Nearly all construction contracts contain deadlines for completion of the work, and contractors face either liquidated damages at an agreed-upon rate or delay damages in an amount the owner actually incurs if completion is untimely. Most contracts also contain provisions for the extension of time if delays are excusable and outside of the contractor’s control. As a recent Michigan case illustrates, a contractor’s failure to submit a proper time extension request will foreclose a claim at the conclusion of the project that liquidated damages are unwarranted.
Abhe & Svboda, Inc. v. State of Michigan Department of Transportation, 2017 WL 3722001 (Mich. App. Aug. 29, 2017), involved a contract to clean and paint a portion of a large suspension bridge. When the contractor completed the project late, the Michigan Department of Transportation (MDOT) assessed liquidated damages against the contractor at the contract-specified rate. In response, the contractor filed a claim seeking a waiver of all such damages due to dilatory behavior by the department and environmental circumstances beyond the contractor’s control. MDOT denied the claim and the contractor filed suit. On motion, the trial court dismissed the case because the contractor never filed a proper time extension request during the project. The contractor appealed.
During appeal, the contractor argued that when a party such as MDOT obstructs the other party from meeting a condition of a contract (i.e., a completion date), it waives its right to enforce that condition and thus cannot assess liquidated damages. In this regard, the contractor argued that 56 days of delay was attributed to the department’s failure to approve scaffolding submittals in a timely way, and 459 days of delay occurred due to unanticipated site conditions and work MDOT required outside the scope of the contract.
The Court of Appeals generally agreed with the contractor’s argument and the several previous court decisions the contractor cited as follows:
“ . . . in theory, if [MDOT] indeed contributed significantly to [the contractor’s] failure to complete the project timely, for example if [MDOT] unreasonably delayed [its] approval of [the contractor’s] scaffolding plan, that contribution would waive [MDOT’s] right to impose liquidated damages. Potentially, a “domino effect” could easily result from that delay and thus be at least partially responsible for the total delay.”
However, the court distinguished those cases and even pointed to language contained in one of them, which suggested that the situation might be different where the party imposing the liquidated damages had the power to extend the time for completion. To the court, the waiver rule the contractor cited was relevant (a) to cases where the power to extend time existed, but had not been properly exercised; and (b) to cases where no such power to extend existed at all. In contrast, the court noted, “if a contract permits an extension of time upon request, but no such request was made, [one of those court cases] implies that liquidated damages are not waived.”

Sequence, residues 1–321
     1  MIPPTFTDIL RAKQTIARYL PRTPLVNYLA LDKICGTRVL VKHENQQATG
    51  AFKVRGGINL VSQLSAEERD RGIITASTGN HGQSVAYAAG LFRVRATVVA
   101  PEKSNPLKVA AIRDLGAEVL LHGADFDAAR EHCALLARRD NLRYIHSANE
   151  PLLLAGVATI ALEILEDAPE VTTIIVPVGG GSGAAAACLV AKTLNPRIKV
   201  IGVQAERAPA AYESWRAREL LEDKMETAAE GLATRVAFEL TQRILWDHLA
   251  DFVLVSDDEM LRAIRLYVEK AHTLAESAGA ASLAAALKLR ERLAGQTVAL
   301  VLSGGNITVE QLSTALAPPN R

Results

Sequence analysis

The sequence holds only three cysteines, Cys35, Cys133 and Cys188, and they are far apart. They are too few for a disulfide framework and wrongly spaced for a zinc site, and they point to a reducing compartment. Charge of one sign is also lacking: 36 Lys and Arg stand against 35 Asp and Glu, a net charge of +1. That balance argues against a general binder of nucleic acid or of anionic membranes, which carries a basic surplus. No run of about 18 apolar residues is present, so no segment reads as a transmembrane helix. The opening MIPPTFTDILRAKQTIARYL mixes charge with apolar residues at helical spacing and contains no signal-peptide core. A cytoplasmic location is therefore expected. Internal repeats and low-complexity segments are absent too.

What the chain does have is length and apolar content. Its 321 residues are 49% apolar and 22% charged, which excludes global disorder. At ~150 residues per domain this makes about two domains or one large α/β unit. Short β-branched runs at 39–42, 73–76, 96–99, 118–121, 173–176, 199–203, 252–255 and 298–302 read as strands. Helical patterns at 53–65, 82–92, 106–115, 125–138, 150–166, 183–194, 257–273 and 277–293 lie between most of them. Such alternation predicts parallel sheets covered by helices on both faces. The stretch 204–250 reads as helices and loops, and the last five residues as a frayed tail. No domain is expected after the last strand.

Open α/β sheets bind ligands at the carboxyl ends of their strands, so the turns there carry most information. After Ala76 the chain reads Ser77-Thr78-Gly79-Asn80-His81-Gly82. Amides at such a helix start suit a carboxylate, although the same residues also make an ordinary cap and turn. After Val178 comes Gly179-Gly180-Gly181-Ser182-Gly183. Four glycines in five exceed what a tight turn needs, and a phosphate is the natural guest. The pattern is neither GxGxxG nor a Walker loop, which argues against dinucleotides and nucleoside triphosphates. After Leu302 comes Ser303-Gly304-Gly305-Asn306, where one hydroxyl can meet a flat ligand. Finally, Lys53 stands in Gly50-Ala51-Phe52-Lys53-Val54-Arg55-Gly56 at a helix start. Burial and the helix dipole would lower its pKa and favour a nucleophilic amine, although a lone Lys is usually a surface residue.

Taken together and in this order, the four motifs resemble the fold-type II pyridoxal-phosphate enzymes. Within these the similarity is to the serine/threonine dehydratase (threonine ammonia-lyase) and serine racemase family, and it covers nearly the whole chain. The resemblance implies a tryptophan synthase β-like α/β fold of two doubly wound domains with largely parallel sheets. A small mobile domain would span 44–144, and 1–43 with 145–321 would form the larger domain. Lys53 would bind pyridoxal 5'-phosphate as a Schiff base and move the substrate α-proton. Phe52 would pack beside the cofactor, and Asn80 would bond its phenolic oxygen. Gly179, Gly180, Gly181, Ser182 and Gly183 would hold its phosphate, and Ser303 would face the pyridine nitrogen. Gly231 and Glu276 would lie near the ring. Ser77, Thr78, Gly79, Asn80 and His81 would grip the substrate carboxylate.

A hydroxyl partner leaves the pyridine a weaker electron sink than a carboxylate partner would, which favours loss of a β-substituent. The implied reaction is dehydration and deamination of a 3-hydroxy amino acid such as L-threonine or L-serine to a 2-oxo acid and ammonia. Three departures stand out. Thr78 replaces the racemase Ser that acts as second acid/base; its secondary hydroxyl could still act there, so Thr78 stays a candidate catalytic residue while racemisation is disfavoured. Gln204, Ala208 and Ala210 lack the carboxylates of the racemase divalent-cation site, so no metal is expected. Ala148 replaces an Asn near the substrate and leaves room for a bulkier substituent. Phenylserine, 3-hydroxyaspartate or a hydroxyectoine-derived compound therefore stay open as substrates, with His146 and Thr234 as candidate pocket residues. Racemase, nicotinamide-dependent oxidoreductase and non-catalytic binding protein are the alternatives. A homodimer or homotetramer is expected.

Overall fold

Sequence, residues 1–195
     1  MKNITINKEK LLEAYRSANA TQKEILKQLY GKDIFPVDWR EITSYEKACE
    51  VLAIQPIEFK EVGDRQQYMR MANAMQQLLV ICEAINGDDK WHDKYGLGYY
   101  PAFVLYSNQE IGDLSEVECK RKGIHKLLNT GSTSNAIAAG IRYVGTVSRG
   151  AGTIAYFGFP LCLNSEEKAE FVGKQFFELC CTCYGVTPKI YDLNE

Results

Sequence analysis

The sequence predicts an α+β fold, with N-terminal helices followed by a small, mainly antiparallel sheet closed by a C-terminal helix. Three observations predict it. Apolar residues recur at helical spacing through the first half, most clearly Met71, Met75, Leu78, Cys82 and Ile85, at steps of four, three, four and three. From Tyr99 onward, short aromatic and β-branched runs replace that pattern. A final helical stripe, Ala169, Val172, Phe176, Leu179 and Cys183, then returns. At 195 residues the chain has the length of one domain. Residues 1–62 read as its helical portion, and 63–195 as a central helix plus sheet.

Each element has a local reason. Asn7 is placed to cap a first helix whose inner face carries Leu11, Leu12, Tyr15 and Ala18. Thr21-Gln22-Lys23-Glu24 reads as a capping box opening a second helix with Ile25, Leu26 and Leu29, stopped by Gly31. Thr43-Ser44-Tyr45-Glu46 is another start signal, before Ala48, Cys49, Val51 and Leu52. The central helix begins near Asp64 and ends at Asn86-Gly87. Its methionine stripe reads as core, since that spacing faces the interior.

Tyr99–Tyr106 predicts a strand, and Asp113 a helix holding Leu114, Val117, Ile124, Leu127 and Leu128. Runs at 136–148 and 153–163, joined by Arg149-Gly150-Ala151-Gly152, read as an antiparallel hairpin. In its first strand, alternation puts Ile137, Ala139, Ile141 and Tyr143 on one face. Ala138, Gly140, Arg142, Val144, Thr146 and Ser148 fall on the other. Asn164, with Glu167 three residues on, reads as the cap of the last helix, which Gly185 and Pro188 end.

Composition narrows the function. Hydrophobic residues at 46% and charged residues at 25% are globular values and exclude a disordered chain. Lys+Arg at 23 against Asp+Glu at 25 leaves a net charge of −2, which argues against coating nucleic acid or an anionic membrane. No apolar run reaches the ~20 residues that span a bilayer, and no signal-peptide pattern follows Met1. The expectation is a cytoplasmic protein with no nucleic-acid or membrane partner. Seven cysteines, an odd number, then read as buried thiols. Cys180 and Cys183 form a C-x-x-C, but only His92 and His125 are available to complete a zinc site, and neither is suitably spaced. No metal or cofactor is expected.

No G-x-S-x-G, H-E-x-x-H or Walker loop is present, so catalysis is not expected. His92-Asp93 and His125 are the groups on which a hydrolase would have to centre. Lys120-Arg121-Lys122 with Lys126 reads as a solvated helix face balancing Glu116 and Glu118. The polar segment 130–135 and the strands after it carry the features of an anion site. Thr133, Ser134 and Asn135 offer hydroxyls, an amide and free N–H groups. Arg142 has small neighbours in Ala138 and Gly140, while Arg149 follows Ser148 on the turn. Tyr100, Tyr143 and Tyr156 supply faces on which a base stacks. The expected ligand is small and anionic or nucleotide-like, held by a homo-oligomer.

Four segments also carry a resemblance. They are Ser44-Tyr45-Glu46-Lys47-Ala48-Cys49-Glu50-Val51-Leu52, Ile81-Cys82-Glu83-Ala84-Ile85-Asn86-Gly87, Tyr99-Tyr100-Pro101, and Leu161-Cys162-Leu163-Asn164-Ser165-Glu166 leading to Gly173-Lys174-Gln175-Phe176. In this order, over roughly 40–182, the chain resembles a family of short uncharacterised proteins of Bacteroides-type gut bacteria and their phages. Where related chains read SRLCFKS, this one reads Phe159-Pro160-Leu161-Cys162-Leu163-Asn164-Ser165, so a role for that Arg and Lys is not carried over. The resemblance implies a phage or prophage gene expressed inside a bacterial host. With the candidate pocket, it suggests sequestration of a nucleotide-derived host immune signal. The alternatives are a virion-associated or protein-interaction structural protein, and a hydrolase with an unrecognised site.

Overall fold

Here, the court noted, “the contract provided a mechanism for [the contractor] to request deadline modifications based on weather-related or other delays. Logically, if [MDOT] can contractually extend the time for performance, then causing a delay is not synonymous with causing an obstruction to performance unless defendants have improperly failed to grant an appropriate such extension.”
At both the trial and appeals levels, the contractor claimed to have submitted two time extension requests. However, MDOT countered that both were untimely and neither contained the requisite requirements for a proper time extension request. The court found it unnecessary to address the latter contention because it determined that both were indeed untimely. It thus concluded that because the contract contained a time extension request provision and the contractor failed to submit such a request, the department did not waive any right it had to impose liquidated damages on account of the contractor’s failure to complete the project on time. In other words, in this circumstance, MDOT did not obstruct the contractor unless it both delayed progress and refused a proper time extension request.
Contractors often put off making time extension requests—because they believe they can work these out with the owner at the end of the project. Abhe & Svboda serves as a warning that these requests should be made promptly as delays occur.